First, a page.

Positive Discipline Encourages Students to Work Harder
Last week, students questioned what is the most effective way teachers should address disobedience in school in our #DoNowDiscipline post. We asked students, Explain what discipline looks like at your school. Are you more likely to change your behavior after receiving negative punishment or reinforcement and rewards for taking positive steps?
The Federal government proposed new disciplinary guidelines for the classroom to create a more positive environment. This decision was prompted by data suggesting that punishments like suspension are given disproportionately to minority students. One of the alternative approaches the government suggests educators to use is PBIS, or Positive Behavioral Interventions and Support. Instead of removing students from the classroom when they misbehave, students should be rewarded for following school rules. As more and more schools are implementing positive discipline, some educators are questioning the effectiveness of positive discipline and if it’s too “soft.”
Throughout the week, students analyzed the pros and cons to different types of discipline in the classroom, often comparing what works best for them at school. While many acknowledged the importance of creating rules to maintain a peaceful classroom, some expressed concern over how discipline may impact a student in a negative way. The majority of students argued that positive discipline works better, as it boosts students’ confidence.
More positive discipline
Many students believed a more positive school environment would encourage students to behave.
— Hoa le (@HoaLe97vn) May 12, 2014
— Kortney M (@18kmcc) May 15, 2014
— Michael Jason Yan (@jyanwh02) May 13, 2014
But would students learn the lesson?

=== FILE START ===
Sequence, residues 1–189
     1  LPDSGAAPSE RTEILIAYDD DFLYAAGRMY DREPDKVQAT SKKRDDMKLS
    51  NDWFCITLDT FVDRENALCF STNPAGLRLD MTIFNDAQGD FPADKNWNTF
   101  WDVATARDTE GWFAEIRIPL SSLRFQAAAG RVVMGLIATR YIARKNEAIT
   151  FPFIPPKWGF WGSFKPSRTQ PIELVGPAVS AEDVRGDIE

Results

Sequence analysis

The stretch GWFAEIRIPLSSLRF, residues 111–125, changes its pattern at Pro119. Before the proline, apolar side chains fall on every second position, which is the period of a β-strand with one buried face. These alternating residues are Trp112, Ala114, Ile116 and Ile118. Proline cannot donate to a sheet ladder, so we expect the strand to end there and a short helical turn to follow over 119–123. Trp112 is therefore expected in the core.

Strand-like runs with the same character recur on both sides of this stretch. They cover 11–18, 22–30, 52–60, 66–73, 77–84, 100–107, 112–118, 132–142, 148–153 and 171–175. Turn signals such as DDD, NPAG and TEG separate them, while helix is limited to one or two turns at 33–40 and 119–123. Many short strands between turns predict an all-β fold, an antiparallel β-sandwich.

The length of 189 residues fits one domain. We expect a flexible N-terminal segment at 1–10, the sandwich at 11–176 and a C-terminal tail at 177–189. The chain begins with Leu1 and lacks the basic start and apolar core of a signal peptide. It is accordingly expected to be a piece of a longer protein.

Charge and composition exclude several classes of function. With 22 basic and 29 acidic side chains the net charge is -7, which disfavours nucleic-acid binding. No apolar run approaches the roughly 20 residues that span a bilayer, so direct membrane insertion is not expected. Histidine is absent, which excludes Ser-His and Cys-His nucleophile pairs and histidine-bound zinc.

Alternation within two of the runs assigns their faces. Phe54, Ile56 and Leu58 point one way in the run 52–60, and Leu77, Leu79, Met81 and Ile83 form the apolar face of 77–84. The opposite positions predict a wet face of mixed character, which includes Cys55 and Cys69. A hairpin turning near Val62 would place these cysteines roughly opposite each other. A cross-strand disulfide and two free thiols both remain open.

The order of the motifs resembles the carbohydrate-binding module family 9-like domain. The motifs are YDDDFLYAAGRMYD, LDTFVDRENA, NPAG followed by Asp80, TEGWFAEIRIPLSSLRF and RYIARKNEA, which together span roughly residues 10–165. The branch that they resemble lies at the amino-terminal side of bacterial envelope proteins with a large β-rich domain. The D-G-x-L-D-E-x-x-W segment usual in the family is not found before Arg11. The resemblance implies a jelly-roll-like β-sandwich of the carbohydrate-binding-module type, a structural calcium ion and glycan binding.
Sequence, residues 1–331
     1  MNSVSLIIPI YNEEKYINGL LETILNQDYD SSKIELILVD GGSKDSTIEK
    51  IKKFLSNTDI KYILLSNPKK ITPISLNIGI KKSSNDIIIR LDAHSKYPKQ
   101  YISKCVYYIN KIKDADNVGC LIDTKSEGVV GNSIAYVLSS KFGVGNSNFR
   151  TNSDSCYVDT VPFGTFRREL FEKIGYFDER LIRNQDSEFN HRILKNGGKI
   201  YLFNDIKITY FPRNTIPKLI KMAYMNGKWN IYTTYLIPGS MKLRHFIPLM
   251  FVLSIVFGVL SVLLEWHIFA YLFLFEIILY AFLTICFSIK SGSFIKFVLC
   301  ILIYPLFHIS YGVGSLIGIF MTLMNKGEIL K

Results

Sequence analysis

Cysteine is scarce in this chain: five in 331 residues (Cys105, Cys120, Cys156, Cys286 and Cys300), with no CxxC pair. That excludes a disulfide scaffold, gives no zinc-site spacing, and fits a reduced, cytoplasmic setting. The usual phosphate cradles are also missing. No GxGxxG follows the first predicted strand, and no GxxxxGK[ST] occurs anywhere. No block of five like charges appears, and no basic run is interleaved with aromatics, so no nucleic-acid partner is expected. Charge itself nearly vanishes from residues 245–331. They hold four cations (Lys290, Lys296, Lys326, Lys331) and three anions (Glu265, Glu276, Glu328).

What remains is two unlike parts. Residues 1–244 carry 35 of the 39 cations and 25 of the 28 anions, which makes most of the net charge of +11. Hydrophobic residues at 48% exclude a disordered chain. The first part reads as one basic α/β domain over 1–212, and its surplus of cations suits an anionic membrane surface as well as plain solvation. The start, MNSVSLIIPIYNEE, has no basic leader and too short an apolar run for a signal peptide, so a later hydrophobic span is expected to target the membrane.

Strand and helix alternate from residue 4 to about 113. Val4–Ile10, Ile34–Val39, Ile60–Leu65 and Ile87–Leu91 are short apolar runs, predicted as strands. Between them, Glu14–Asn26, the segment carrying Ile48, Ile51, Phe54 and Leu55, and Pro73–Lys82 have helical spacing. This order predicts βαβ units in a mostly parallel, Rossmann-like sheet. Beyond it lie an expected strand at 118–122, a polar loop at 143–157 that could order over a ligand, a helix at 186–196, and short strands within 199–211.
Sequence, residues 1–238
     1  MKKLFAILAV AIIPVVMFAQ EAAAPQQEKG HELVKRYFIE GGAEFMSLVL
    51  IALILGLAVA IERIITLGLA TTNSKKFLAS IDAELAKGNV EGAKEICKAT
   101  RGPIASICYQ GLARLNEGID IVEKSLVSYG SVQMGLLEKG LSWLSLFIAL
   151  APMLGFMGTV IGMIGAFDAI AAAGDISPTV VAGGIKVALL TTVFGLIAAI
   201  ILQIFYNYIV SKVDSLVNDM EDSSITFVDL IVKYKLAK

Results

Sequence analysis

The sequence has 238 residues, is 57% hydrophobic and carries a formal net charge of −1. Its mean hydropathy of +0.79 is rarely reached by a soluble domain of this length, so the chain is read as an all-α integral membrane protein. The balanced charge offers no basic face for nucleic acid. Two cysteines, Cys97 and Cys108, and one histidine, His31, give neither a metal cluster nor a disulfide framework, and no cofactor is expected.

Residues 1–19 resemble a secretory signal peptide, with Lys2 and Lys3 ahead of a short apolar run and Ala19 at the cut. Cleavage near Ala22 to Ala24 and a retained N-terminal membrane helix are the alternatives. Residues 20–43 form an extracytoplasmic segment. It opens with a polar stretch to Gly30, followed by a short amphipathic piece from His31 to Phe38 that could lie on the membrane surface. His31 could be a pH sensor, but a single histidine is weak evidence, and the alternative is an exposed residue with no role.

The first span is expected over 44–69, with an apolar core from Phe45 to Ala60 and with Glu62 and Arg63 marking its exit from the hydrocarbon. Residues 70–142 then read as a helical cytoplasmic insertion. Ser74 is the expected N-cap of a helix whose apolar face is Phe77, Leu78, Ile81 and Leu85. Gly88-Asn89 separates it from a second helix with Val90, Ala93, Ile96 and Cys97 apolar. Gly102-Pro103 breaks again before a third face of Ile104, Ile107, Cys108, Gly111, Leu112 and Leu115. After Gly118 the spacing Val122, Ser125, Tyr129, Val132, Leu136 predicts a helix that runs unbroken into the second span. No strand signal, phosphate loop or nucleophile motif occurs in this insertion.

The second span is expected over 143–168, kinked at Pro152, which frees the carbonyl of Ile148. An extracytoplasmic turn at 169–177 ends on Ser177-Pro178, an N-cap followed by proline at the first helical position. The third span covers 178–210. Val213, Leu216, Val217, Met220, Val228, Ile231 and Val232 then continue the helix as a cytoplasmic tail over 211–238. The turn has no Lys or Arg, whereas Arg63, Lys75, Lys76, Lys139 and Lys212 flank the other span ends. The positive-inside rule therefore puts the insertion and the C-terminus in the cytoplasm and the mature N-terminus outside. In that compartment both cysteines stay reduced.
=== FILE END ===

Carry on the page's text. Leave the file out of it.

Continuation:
Others argued that the only way to learn right from wrong is to enforce negative discipline.
— Tyler Leadholm (@TylerLeadholm) May 21, 2014
— charlotteee (@lovebugsos) May 14, 2014
— Anahiti G. (@anahiti801) May 13, 2014
Let’s teach self-motivation!
Several students stressed the importance of learning how to discipline ourselves.
— Victoria (@sellvictoria) May 15, 2014
— Leyna Cedeño (@leynamariee) May 12, 2014
But not every student is the same
Others pointed to how not all students respond the same way to discipline.
— Donna Guadalupe Cruz (@xdonnacruzx) May 12, 2014
— mateocarrion (@mateocarrion4) May 15, 2014
What else can we do?
Some students suggested alternative ways to maintain order in the classroom.
— Joanna Wu (@joanna_w5632) May 10, 2014
— michael miles (@milesfromwhere) May 16, 2014
— Zoe Dehaan (@zoedehaan99) May 13, 2014
It starts at home
Some students also said parents need to teach their kids how to behave.
— Joshua Bustamante (@JoshuaJB1027) May 13, 2014
— Cierra Nash (@cforcutieee) May 15, 2014
What does it look like at your school?
Students also discussed what discipline looks like at their school and its effectiveness.
— Callie Geurts (@GoGeurt) May 13, 2014
— Ella (@18efos) May 15, 2014
— Christopher⚾️ (@_Rad28) May 12, 2014